Horizontal development covers the change we experience as we gain more experience, skills and competence independent of vertical growth. Most adult growth is horizontal: we enrich and expand our current paradigm without making fundamental changes in our meaning-making system. Cook-Greuter has observed that people at later stages of vertical development have more horizontal development available to them.
Development is Increasing Embrace
We now know that vertical ego development is the development of our meaning making over time. Let’s look at how that actually changes us as individuals as we operate in the world.
In a very broad sense, development means increasing embrace. In fact, each developmental stage can be seen as a new level of embrace – we cover the stages of ego development in this article. Let’s flesh out this idea of embrace.
The word ’embrace’ suggests inclusion, wholeness, expansion. And these are exactly the capacities we build on as we develop.
As we embrace more, we gain deeper understanding, wisdom and effectiveness.
We have more capacities and resources online, meaning we’re more complex, dynamic and flexible.
Another component of this increasing embrace is the move from egocentric consciousness (only I’m important), to sociocentric consciousness (me and others in my immediate surroundings are important), to worldcentric consciousness (all humans are important).
Perspective taking is one of the key markers of our level of meaning making. The perspective we can take indicates what we can see and process in both the inner and outer world. Our perspective taking can develop from a 1st-person perspective all the way to a 6th-person perspective and beyond – more on this when we cover the stages of development.
And remember that ego development is the evolution of our meaning systems. The meaning we give to life and how we make sense of it directly impacts how much we are able to embrace.
Ego Development Occurs in Stages
As like many other developmentalists, Cook-Greuter has found that vertical ego development is an entire spectrum without a clear endpoint. She has divided this spectrum into nine stages, each of which includes the previous one but has its own unique attributes.
While identifying these stages of growth is useful, it’s misleading in certain ways. Not least because we don’t experience these stages in a ‘lock-step’ fashion. Ego development is much messier than that, and we’ll need to cover more ground to paint a more accurate picture of how it unfolds.
The Mechanics of Stage Change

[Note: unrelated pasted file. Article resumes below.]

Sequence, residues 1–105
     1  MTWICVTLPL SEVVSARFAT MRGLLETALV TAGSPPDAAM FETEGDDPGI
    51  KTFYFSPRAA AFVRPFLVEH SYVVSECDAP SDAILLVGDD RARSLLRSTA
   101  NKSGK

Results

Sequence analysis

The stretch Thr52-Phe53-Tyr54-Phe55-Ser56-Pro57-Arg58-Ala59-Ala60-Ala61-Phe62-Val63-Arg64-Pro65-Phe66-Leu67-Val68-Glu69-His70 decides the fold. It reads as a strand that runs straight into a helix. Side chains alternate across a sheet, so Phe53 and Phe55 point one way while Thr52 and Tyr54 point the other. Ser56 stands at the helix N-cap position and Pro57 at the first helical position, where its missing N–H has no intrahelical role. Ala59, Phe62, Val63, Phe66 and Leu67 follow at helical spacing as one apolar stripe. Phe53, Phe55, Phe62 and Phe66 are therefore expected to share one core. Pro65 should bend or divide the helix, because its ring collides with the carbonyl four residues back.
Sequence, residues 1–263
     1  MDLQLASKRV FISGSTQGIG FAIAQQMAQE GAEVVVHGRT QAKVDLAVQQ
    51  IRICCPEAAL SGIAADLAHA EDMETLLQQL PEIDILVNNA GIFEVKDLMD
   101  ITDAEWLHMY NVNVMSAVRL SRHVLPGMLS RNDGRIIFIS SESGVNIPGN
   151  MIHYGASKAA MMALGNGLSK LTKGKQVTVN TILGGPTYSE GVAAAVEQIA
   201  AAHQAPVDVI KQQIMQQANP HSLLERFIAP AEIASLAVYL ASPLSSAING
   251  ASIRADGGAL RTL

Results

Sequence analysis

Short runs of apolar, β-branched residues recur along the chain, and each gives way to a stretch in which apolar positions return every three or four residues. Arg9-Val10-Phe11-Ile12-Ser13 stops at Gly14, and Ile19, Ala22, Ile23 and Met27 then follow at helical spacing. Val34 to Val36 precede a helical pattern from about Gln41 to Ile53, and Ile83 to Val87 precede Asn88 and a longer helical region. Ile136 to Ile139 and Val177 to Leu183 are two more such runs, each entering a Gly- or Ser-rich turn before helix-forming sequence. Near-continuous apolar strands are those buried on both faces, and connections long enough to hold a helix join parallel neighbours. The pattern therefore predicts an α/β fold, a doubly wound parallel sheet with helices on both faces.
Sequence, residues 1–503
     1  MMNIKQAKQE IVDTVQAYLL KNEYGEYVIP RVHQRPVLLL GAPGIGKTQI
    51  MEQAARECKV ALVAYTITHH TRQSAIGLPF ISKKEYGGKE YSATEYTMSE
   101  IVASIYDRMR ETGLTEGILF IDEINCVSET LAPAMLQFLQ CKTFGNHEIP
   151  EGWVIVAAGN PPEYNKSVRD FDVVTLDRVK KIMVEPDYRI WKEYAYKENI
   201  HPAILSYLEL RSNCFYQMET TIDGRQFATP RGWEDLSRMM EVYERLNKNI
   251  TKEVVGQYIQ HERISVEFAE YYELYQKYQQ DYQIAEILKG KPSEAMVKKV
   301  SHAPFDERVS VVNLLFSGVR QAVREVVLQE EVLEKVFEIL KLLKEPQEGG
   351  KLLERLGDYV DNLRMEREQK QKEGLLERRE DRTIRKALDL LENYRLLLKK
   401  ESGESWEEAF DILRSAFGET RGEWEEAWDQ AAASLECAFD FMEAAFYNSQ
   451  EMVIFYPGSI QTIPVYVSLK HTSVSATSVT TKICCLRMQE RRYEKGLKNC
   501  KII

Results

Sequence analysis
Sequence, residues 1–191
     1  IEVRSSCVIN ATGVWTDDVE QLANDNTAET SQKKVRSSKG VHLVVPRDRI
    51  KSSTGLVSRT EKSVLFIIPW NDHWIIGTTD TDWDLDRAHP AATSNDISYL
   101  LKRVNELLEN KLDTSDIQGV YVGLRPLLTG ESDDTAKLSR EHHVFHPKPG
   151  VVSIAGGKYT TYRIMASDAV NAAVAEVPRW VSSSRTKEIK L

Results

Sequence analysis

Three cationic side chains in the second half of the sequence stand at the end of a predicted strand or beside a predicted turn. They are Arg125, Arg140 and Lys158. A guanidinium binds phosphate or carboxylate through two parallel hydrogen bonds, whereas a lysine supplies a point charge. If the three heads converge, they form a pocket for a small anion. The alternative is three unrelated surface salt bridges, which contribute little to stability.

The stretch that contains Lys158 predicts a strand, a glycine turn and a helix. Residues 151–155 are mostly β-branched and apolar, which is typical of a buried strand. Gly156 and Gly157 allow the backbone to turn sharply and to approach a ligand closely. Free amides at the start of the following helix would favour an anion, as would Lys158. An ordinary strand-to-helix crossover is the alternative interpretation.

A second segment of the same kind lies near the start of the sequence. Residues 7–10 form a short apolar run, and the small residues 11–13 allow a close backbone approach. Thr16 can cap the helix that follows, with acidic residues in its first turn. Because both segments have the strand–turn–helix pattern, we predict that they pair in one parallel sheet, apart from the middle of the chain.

In her work, Cook-Greuter refers to Robert Kegan’s finding that it takes around five years for us to shift a vertical stage of development if circumstances are favourable and we’re open to change.
There’s important points to pull out here. As individuals, we need to be open to experience vertical transformation. This means that we can both support and sabotage our own development. We can consciously grab onto our meaning structures and create defence mechanisms and barriers around them, creating a kind of unyielding, rock-solid iceberg.
On the other hand, by taking our current meaning structures less seriously and being willing to examine them and be guided towards structures with more embrace, we can actually actively foster our own growth. And this intention needs to be maintained for years and decades if we’re to become highly developed humans.
The old premise that once people reach age 25, their basic psychology is fixed, is a sad reality. Indeed, most people reach the stage their culture (unknowingly) promotes and advocates and understandably sees no reason and feels no impulse to continue growing.
On top of the influence we have on our own development, there’s also that of our environment component. Conditions have to be favourable for our development.
Tip for Understanding Cook-Greuter’s Work
While stages are ubiquitous in developmental theory, we should see them as layers of complexity, and later levels are usually only reached in certain favourable life conditions and in rare individuals. We can’t judge people living in warzones in the Middle Ages through our modern eyes and in times where life conditions are much more favourable to high ego development. It’s not about demonising lower stages and worshipping higher ones, a trap that even Ken Wilber falls into.
Cook-Greuter has also gathered from her sentence completion test that people always have at least three stages active in them. We often have a trailing edge and a growth edge around the stage we most comfortably inhabit – our Centre of Gravity.
The Role of Suffering in Ego Development
And to cap off this first post on Susanne Cook-Greuter’s work, a word about suffering.
While ego development is often imagined to be a process of inspiration, expansion, a pushing of our comfort zone and a continual questioning of our systems of meaning, often it’s not all rainbows and butterflies.
Stage change itself – the crumbling of old meaning structures which are replaced by new, higher ones – is a process involving considerable suffering: our long-held structures of meaning are shown to be inadequate, they crumble, and we’re left to pick up the pieces.
Typical emotions in this process are pain, uncertainty and a sense of loss. Loved ones also may not understand our new self, one less dominated by its old meaning structures: ‘what has happened to you?’ ‘You’re not the person I used to know.’
Of course you’re not the person they used to know. But what they don’t see is that you’ve actually undergone vertical development. That rejection can be tough to take, and trust and self-love are required to create a new, flourishing identity.
And suffering, as you may well have experienced, is often a catalyst for growth. Traumatic events can show us the limitations of our structures of meaning in bold relief.